If you still have elderflowers, and I suspect I will even with the rain and my ill-timed travel, consider making elderflower sugar this year. Mine are Sambucus nigra ‘Black Beauty,’ one of the newish mahogany-leaved cultivars of the more common European elderberry. I often use the flowers for strawberry jam, but am thinking of infusing sugar so I can use it for other preparations throughout the year if the sugar mutes the particular scent that some consider cat urine-like and others call lemony. De gustibus non disputandum est.
Can’t quite commit to picking fluttery flowers? Wait for the berries and make hedgerow jam or jelly, as I’m planning to do this spring with my already ripe haskapberries (!) and frozen elderberries, gooseberries, and bramble fruit that make up my various spindly hedges.
Most important with elderberries is to know that the plant stems, leaves, and roots are poisonous, and even the berries have toxins in them if eaten raw. Don’t fret; if you cook the ripe berries of black or blue varieties (e.g., Sambucus canadensis or Sambucus nigra, but do check reliable sources for toxicity information on your variety because it’s a bit confusing) you’ll be ok. Check out Hank Shaw’s posts on effective ways to remove the stems of flowers for elderflower fritters or effective removal of the stems of ripe berries by freezing them for such lovely delicacies as elderberry syrup. You’ll also need to know that there are tiny seeds in the berries that are best strained out.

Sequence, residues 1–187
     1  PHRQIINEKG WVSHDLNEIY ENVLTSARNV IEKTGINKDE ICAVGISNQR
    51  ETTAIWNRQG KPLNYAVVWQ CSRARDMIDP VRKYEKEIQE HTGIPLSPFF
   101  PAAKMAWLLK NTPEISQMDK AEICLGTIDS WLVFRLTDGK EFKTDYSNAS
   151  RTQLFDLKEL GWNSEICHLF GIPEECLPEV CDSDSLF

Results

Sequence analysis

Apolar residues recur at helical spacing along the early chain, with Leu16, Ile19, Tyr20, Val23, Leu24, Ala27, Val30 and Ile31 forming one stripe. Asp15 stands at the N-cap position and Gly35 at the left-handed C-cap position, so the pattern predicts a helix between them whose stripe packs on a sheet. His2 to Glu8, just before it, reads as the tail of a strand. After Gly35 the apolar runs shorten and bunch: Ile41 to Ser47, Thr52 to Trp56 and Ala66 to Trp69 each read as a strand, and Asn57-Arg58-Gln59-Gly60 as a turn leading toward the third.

In other elder news, I recently had an excellent elderflower beer, Cazeau Saison, at San Francisco’s haut biergarten, The Abbot’s Cellar. It had a big white head and an icy fresh green taste, something along the lines of crushed wet chervil. The elderberry washed-rind English cheddar purchased at Corti Bros. in Sacramento was not nearly as good, with the berries just used as a pretty pink dye.
Hedgerow jam or jelly is a British autumn tradition, a delectable mixed fruit concoction made with fruits that can be gathered in the countryside or from your own hedges in an edible garden. It often contains blackberries, sloes, rose hips, hawthorn and crabapples, sometimes even nuts.
For a traditional English recipe, try this link featuring hazelnuts. I’d probably refrigerate this one or any recipe containing nuts or lower sugar than tested American ones either with or without pectin, both for safety and to keep the flavors as vibrant as possible. When you’re combining fruits, you will have variable issues with gel set because of the natural pectin content in the fruits you choose, so don’t feel you need to be a perfectionist about this one.
I’ll post my hedgerow jelly recipe and method soon!